Putting an end to permacrisis: Why I’m not ready to go goblin mode on decarbonization just yet
Written by Helen Lamprell, General Counsel and Company Secretary, AVEVA
As a lawyer, I take an interest in linguistic innovation. Some recently invented words, however, seem to reflect a pessimism I don’t think is warranted, particularly when it comes to the world’s efforts at decarbonization. For example, Collins Dictionary’s 2022 word of the year was “permacrisis,” which it defines as “an extended period of instability and insecurity.”
Perhaps because they feel like the world is indeed in permacrisis, members of the public voted for “goblin mode” as the Oxford English Dictionary’s word of 2022. To go into goblin mode is to engage in behavior that “is unapologetically self-indulgent, lazy, slovenly, or greedy, typically in a way that rejects social norms or expectations.”
But as we enter 2023, I don’t think we are in permacrisis—and I certainly hope that instead of going into goblin mode, we can act together to meet the challenges we face. When it comes to decarbonization, we’re doing just that.
Actions speak louder than words
Governments across the world are making unprecedented interventions to drive decarbonization, often enabled by digital technologies. This governmental action is accelerating the pace of change for businesses and consumers.
The U.K. was the first major economy to set a legally binding target of net-zero emissions by 2050. It has decarbonized faster than any other G7 economy, proving it is possible to set carbon emissions and drive economic growth. U.K. emissions have fallen by 44% since 1990, yet the economy grew by 76%.
The Skidmore review of the U.K. government’s net-zero strategy identified 129 areas of progress, while urging leaders to move “further and faster” to realize the economic benefits of carbon transition. Ensuring long-term policy clarity, sustainable tax breaks and legislative incentives is crucial to success.
When action is called for, the European Union responds with regulation. Brussels’ “Fit for 55” package promises broad transformation to meet its climate goal of a 55% reduction in greenhouse gas emissions by 2030. The package is a radical overhaul of established policy frameworks. It includes the world’s first carbon border tax. Policymakers elsewhere are closely watching such policy innovations.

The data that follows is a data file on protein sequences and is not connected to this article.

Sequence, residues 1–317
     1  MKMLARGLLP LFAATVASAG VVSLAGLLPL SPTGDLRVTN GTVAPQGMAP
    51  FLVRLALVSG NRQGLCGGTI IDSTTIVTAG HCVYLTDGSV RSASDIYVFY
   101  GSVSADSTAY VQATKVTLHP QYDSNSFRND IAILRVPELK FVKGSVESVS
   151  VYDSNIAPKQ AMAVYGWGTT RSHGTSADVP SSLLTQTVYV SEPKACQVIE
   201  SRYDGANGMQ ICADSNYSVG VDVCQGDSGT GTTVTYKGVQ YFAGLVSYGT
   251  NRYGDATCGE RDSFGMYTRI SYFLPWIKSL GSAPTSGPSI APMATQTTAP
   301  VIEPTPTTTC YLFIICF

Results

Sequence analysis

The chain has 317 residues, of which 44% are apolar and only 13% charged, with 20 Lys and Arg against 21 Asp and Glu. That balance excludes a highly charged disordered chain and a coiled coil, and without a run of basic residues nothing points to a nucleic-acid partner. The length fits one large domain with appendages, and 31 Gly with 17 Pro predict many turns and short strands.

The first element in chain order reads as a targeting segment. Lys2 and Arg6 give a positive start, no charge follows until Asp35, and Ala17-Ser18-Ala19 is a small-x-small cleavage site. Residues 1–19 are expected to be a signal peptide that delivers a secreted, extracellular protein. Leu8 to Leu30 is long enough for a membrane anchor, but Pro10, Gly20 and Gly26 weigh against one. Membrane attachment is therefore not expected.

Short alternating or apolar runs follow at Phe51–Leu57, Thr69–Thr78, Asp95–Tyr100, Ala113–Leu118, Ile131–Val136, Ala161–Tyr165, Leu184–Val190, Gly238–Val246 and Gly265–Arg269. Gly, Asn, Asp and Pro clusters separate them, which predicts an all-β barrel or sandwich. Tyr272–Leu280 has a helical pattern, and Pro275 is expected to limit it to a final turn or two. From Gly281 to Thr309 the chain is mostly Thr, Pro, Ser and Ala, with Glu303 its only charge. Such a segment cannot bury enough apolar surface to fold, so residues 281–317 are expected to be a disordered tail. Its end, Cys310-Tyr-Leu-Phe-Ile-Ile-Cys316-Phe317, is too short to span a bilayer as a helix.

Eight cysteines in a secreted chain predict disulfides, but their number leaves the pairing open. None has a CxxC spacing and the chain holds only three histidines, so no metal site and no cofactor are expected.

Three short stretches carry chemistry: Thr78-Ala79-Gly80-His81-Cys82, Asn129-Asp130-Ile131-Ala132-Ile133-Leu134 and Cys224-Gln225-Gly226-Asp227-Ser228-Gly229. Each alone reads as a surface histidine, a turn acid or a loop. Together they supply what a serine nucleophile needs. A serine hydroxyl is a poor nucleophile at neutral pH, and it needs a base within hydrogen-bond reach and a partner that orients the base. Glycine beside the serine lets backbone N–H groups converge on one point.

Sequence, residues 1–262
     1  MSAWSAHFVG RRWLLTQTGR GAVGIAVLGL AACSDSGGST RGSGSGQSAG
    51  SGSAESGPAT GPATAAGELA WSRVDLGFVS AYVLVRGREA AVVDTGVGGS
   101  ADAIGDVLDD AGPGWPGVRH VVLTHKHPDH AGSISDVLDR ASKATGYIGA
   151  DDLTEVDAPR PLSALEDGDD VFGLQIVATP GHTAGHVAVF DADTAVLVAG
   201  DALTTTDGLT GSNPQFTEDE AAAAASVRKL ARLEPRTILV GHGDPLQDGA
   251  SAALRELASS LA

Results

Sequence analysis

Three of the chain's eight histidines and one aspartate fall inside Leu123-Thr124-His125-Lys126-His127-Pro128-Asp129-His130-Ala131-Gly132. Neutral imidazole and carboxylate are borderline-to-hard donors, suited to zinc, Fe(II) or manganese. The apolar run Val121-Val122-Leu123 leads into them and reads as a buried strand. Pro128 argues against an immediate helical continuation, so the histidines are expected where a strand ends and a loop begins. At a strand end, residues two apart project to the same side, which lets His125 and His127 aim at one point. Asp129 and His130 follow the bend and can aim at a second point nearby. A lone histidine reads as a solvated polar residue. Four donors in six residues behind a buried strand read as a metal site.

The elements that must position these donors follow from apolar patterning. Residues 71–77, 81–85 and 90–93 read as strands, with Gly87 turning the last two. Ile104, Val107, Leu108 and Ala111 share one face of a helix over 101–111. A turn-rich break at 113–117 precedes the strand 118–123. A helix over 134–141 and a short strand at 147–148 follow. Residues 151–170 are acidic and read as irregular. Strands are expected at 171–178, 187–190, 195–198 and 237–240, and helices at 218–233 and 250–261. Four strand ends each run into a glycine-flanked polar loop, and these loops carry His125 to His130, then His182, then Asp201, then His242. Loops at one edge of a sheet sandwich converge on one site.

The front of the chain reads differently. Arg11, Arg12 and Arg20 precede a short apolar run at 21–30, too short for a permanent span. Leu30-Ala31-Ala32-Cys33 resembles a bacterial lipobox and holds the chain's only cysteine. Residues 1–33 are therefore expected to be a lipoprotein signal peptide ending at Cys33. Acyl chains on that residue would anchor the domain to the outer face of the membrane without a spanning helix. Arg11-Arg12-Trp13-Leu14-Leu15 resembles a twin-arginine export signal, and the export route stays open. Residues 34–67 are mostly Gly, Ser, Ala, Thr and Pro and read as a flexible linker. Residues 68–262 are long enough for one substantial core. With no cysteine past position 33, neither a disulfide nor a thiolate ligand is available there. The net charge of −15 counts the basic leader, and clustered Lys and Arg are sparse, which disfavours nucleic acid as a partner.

Meanwhile, the Biden administration has signed the U.S.’s first significant climate legislation. It provides over $369Bn in subsidies for energy transition and decarbonization, recognizing the huge upfront costs of this endeavour. And money talks: this muscular stimulus has already boosted corporate investment into the U.S.
And, from Davos earlier this year, Ursula Von Der Leyen announced Europe’s Net Zero Industry Act. It combines tax breaks for green industry with more flexible state aid rules for European governments to support clean tech projects, in an attempt to boost Europe’s green competitiveness in response to Biden’s incentives.
Money can speak loudest of all
Yet the country that has for the last decade made the greatest sustained investment in alternative energy sources is China. Its government has also made steady progress in establishing the policy and regulatory framework to support decarbonization. In 2021, China invested US$380Bn in clean energy (from both public and private sources)—significantly more than the US, which provided $235Bn in that year.
Our voices speak most effectively when they connect data with insight
From AVEVA’s vantage point, integrated data and insight are key to delivering decarbonization. In the race to dominate the technologies and energy sources of the future, policymakers need to think bigger. Everyone benefits from greater convergence between digital, decarbonization and energy policies—not only at regional levels, but across the world.
By bringing together data and artificial-intelligence-enabled insights in a digital twin – something we at AVEVA call intelligence-as-a-service – companies and policymakers can both accelerate the decarbonization of industry and transportation, and optimize the scaling-up of clean energy sources. Data-led insights illuminate the path that policymakers and businesses can take to exploit opportunities at each stage of the energy transition. The more we can integrate digital insights and policymaking, the better industries and governments will be placed to address the key challenges the world faces.
With this imperative in mind, my own nomination for the word of 2023 is “insight.” As we shake off goblin mode, let’s come together, connecting as individuals, companies, governments and a global community. Together we can accelerate digital transformation to drive down emissions. Together our actions can drive meaningful decarbonization and embrace innovation. By connecting data, sparking insight and unlocking enabling technologies, we can build a more positive future.